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Charleston looks at adding new city regulations for building on burial sites

Published: Jul. 12, 2021 at 4:18 PM EDT|Updated: Jul. 12, 2021 at 8:13 PM EDT
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CHARLESTON, S.C. (WCSC) - A push is now underway to get new regulations on the books in the City of Charleston to protect unmarked or abandoned graveyards and cemeteries.

“We don’t have a lot of municipal ordinances to look at. By and large this has been left to state law,” said Brian Turner, director of advocacy at the Preservation Society of Charleston. “When it comes to human burials, there is an added reason why the common decent person should care about that issue. No one wants to be digging in their garden and dig up human bones. That’s not an enjoyable experience. Basic planning will allow us to avoid unfortunate incidents.”

The Preservation Society renewed its effort to get a new regulation after two African American burial sites were discovered at 88 Smith Street. The homeowner had begun renovation work on the property that potentially could have disturbed some of those graves. Last week, the City of Charleston ordered the work to be stopped citing permit issues.

“It’s important to recognize that this is not the first instance that the city has been made aware in recent years of really high profile cases . . . the College of Charleston’s library project, the Gilliard Center and, most recently, in Cainhoy Village where there has been a threat to an African American cemetery,” Turner said. “The preservation society is particularly concerned given the pressures for growth in the region that unmarked and unmaintained, abandoned cemeteries are under a significant threat.”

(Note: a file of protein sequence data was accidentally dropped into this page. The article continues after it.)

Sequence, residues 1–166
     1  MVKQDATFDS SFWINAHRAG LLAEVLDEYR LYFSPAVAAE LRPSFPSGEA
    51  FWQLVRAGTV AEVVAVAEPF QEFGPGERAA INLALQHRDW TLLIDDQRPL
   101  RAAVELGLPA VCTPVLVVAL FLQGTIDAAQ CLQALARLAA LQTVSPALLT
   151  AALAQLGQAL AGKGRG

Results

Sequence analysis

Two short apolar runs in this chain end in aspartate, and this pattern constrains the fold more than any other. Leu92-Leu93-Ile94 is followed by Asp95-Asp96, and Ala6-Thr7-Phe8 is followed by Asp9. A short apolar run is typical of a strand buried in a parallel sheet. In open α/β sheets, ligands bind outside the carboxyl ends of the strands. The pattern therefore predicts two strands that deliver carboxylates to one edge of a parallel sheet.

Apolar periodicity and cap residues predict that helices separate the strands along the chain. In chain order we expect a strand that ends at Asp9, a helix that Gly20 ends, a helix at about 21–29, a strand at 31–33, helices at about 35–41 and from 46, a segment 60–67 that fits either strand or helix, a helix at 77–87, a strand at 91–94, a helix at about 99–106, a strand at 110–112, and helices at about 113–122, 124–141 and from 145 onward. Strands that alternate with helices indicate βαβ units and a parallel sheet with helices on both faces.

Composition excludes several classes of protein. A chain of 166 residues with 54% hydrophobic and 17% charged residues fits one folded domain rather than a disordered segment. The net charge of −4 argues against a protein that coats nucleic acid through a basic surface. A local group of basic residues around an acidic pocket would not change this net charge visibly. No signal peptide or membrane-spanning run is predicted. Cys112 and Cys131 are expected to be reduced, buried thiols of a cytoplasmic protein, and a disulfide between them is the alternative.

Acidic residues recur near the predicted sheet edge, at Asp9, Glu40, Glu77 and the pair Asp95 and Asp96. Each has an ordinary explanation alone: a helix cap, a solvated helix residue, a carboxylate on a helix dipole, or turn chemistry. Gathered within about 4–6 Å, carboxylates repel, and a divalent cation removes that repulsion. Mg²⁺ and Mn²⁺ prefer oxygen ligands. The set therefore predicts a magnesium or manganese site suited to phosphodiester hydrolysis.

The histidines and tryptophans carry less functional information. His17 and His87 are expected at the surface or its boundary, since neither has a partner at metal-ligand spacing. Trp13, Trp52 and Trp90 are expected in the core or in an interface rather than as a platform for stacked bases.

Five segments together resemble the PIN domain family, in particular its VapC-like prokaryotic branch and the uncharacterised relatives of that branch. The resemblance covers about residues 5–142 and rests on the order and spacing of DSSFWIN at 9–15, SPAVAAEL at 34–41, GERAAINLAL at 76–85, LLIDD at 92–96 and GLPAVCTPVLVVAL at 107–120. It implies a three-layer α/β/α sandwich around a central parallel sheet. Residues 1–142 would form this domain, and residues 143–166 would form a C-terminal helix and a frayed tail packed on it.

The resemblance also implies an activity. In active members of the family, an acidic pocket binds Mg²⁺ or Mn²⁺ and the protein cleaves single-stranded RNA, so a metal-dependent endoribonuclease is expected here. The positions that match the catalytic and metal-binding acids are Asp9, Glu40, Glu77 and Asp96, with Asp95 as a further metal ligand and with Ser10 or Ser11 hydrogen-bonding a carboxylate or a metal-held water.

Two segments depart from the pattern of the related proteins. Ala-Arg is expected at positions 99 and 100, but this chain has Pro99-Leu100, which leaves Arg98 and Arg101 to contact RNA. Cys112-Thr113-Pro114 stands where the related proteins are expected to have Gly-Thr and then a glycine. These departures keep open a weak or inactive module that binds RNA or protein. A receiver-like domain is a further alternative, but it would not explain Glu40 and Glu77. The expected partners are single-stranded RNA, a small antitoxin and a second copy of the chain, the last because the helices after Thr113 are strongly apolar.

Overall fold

Representatives from Mayor John Tecklenburg’s office seem to agree. Director of communications Jack O’Toole says they have been working on an archeological regulation since last year.

“Protecting historical cemeteries is the next logical, and important, step in our ongoing efforts to preserve Charleston’s history,” O’Toole said in a statement. “The city is currently working with the preservation community and others on both an archeology ordinance and a standalone cemeteries ordinance, each of which should help us make real progress on this issue before the year is out.”

Turner says they are still very much in the brainstorming phase of figuring out exactly what a burial ground regulation would look like but he thinks he knows where they can start.

“The first step of that has to be an inventory. Mapping and understanding where these sites are and then we can figure out what to do,” Turner said. “I think one of the most promising starts the city can do is look at creating a commission that has the expertise and authority and that commission can make recommendations.”

An unofficial inventory already exists, which Turner thinks is a good place to start. In 2010, the Chicora Foundation identified more than 100 burial sites throughout the city. Since then more sites have been added and verified by other organization and societies.

“We will never know who these people were. We will never know their stories but isn’t the least we can do is give them a little recognition,” Turner said. “A lot of these men and women are responsible for building this city. They were responsible for building one of the most remarkable cities in the world.”

O’Toole says he thinks they can get the new regulations hammered out by the end of the year.

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